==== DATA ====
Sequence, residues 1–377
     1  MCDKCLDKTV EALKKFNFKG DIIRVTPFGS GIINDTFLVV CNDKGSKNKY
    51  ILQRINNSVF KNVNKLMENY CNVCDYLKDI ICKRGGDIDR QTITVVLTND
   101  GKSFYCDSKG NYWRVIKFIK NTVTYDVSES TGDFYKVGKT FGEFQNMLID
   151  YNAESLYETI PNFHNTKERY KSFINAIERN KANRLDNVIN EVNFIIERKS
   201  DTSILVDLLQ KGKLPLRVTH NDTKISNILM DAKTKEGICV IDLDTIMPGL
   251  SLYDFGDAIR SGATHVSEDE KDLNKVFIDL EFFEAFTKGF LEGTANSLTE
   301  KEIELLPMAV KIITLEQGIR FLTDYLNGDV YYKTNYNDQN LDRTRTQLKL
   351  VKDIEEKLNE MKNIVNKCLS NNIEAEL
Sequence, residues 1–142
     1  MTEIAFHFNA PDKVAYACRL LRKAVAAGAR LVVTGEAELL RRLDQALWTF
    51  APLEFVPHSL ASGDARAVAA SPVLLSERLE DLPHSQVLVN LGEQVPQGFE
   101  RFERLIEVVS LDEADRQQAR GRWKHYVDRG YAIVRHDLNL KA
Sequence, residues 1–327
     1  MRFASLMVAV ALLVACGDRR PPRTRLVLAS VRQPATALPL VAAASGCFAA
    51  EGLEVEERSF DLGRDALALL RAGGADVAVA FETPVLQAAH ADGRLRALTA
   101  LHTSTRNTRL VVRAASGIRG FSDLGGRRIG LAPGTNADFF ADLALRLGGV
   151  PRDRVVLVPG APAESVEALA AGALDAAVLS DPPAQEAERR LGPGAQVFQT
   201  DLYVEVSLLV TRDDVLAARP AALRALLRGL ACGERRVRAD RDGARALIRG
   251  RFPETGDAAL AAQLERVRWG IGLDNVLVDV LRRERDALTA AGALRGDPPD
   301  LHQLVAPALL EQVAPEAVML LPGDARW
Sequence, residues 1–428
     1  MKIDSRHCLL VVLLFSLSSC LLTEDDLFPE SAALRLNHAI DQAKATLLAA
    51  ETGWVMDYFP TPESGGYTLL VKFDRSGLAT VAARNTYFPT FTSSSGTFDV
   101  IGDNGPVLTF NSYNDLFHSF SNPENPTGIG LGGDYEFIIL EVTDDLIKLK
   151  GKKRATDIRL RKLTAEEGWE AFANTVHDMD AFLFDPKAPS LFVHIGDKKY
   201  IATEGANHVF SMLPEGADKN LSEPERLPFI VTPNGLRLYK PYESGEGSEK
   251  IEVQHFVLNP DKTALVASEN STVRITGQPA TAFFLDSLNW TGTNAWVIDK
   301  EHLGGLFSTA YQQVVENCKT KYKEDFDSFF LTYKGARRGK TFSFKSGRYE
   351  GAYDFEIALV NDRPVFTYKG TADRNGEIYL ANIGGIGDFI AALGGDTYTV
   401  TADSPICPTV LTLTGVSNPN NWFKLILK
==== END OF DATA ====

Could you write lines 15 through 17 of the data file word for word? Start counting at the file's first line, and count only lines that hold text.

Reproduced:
     1  MRFASLMVAV ALLVACGDRR PPRTRLVLAS VRQPATALPL VAAASGCFAA
    51  EGLEVEERSF DLGRDALALL RAGGADVAVA FETPVLQAAH ADGRLRALTA
   101  LHTSTRNTRL VVRAASGIRG FSDLGGRRIG LAPGTNADFF ADLALRLGGV